April 10, 2008

NYSUT identifies reforms to end achievement gap

Source: NYSUT Media Relations

ALBANY, N.Y. April 10, 2008 - The 585,000-member New York State United Teachers, continuing to use its influence to end the achievement gap, today released a report that identifies expanded early childhood education programs; school-based health clinics; longer school days; and longer school years as promising avenues to pursue as the union focuses on improving the academic success of children in poverty.

Nearly 3,000 delegates attending NYSUT's annual Representative Assembly, which opens today in New York City, received a report detailing proposals to end the achievement gap - an agenda that is the culmination of a successful three-day symposium attended by 400 educators, business leaders, parents and state officials last October.

"This is our mission, and we must be open to bold, innovative solutions," said NYSUT President Richard C. Iannuzzi. "While we will continue to be teachers, mentors and cheerleaders for all children, we have a special obligation to help those students who are growing up in poverty."

Iannuzzi, who taught elementary school in a high-need school district for 34 years, noted the root causes of the achievement gap can be found in inadequate pre-natal care, nutrition and health care; a lack of access to good jobs and housing, quality pre-kindergarten programs and after-school programs; and other kinds of social and economic gaps.

"The achievement gap most often affects poor children and children of color, and it is found in rural, suburban and urban school settings," he said. "The common denominator is not innate failure on a child's part, but rather variables beyond the child's control and, in many cases, beyond the schoolhouse doors."

He said ending the gap will take a concerted effort by all stakeholders, including business leaders and parents; teachers and legislators; senior citizens, community groups and college and university faculty. "We are committed to leading the way," Iannuzzi said.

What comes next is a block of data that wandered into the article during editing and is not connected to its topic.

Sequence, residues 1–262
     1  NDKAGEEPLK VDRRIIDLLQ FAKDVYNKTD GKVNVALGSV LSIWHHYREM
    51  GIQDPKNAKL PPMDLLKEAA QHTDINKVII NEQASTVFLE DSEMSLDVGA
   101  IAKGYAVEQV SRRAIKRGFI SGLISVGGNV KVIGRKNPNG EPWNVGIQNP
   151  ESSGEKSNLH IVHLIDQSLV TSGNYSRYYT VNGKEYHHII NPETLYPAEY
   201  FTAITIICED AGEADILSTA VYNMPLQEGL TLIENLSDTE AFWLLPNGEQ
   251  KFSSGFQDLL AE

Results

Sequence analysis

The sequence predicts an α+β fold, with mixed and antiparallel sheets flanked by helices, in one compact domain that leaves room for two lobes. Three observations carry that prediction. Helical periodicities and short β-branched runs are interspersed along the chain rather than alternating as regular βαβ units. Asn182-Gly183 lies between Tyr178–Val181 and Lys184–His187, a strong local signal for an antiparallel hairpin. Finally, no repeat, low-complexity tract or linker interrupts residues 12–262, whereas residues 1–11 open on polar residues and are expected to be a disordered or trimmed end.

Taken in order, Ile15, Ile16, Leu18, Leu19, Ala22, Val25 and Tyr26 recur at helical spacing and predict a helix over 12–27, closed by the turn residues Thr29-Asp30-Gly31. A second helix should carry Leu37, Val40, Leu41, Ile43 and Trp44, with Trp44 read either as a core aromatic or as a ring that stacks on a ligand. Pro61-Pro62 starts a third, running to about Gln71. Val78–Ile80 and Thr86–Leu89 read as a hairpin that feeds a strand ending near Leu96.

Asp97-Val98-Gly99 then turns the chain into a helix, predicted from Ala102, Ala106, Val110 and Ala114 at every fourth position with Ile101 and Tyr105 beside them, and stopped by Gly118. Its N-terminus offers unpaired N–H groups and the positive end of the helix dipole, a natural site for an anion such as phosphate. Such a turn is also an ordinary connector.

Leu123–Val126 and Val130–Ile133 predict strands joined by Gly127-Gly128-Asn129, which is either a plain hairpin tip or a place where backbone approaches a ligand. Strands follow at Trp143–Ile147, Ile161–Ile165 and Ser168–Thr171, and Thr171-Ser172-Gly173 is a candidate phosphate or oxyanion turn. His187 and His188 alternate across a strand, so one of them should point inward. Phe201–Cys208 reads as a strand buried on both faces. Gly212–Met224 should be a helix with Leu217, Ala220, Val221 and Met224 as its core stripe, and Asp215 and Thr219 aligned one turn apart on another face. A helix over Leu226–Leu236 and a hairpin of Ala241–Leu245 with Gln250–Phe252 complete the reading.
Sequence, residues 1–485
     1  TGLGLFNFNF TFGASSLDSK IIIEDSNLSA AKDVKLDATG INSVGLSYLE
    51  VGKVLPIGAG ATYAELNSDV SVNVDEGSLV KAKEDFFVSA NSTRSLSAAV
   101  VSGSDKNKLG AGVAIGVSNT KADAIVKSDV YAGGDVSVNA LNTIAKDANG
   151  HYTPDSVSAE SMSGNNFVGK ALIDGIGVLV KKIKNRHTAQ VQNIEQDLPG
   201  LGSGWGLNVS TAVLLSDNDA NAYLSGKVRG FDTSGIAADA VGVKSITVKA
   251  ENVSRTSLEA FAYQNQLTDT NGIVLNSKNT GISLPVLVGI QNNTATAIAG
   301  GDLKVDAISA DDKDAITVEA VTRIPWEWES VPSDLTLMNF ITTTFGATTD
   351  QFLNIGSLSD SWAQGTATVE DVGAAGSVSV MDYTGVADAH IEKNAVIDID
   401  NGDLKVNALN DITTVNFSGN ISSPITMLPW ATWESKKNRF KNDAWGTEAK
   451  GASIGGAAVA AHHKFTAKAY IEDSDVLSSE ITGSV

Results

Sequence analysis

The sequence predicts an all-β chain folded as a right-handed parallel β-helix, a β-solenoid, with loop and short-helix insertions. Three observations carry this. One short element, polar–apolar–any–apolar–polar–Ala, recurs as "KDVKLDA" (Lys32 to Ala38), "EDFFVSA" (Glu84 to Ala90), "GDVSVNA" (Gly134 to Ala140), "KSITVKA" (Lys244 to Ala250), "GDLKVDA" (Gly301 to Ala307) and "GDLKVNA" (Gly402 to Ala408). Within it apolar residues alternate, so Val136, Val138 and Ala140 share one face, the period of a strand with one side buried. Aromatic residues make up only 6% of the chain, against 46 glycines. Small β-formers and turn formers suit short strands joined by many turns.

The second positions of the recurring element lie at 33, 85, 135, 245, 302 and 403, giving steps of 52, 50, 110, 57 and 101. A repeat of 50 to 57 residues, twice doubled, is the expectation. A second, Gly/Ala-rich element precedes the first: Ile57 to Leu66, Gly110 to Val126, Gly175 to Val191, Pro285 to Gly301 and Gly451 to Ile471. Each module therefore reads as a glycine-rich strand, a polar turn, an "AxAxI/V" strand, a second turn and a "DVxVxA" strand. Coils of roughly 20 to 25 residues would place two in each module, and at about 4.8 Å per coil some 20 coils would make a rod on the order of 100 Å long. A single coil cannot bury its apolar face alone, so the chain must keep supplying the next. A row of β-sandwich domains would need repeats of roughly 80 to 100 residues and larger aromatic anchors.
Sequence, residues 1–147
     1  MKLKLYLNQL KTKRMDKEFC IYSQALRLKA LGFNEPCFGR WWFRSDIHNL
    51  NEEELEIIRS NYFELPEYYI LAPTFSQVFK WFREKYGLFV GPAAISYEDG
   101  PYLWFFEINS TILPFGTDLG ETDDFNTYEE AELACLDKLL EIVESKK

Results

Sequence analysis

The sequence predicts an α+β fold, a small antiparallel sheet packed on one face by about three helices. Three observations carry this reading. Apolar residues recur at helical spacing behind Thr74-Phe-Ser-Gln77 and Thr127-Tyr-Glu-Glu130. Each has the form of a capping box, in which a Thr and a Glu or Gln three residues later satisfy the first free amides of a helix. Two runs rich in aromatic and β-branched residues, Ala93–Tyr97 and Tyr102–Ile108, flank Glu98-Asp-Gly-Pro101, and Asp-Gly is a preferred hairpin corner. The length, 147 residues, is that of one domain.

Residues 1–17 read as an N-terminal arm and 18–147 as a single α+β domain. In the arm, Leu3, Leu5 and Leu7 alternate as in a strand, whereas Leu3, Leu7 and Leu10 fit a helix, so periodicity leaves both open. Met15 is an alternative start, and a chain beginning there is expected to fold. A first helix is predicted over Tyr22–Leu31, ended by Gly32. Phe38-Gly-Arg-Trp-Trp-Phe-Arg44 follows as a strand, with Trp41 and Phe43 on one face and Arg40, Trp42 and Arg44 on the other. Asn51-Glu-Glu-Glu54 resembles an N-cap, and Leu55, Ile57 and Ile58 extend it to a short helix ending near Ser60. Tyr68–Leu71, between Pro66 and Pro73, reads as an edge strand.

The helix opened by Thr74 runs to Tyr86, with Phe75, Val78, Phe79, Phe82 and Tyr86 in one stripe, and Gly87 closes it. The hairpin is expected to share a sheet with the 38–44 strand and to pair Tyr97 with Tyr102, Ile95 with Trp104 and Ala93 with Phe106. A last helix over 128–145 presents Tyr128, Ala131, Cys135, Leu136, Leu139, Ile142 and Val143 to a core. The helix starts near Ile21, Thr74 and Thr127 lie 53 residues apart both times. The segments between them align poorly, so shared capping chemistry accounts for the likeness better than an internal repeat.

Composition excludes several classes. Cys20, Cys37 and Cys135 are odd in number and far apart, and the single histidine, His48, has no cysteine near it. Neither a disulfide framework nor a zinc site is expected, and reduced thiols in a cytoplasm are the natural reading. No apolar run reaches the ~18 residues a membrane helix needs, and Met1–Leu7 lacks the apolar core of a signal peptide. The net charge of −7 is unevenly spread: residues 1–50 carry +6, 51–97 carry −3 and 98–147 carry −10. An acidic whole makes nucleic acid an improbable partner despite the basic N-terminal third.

NYSUT is pledging to continue to use its statewide influence and lobbying clout to press a reform agenda to help children likely to be caught in the gap. The union's plan for at-risk children includes, for example, more emphasis on quality early childhood education programs, greater access to health and dental care; and educational reforms that have proven to help children learn.

"NYSUT has a unique opportunity to use its activism and influence in Albany to improve the lives of all students, but especially those who are at risk," Iannuzzi said. "We plan on seizing on that opportunity."

Iannuzzi noted a number of NYSUT's local unions, including those in New York City, Buffalo, Rochester and Albany, have already incorporated into their collective-bargaining agreements innovative approaches to helping children in need. "A union contract is not a barrier. It is a blueprint for success," Iannuzzi said.

NYSUT Vice President Maria Neira said the union's focus will be on ensuring that school districts use research-proven educational reform programs as they work to turn around consistently failing public schools. "Additional instruction time for those children who need more time with teachers is one of those promising practices," she said. "In difficult economic times, we must ensure that scarce resources are devoted to programs that work, not theories or fads," she said.

Neira also noted that building stronger relationships between schools and parents will be an essential piece of ending the achievement gap. She said participants in NYSUT's "Every Child Counts" symposium, spearheaded by union Vice President Kathleen Donahue last fall, stressed that educators need to meet parents "where they are" and pursue sustained partnerships and two-way conversations.

"Parents and teachers are natural partners. NYSUT will continue to work with parents' groups and others to find creative solutions that ensure that parents feel welcome and respected at schools, and can participate more fully in their children's educations," Neira said.

NYSUT represents 585,000 teachers, school-related professionals, academic and professional faculty in higher education, professionals in education and health care and retirees. NYSUT is affiliated with the American Federation of Teachers, National Education Association and the AFL-CIO.


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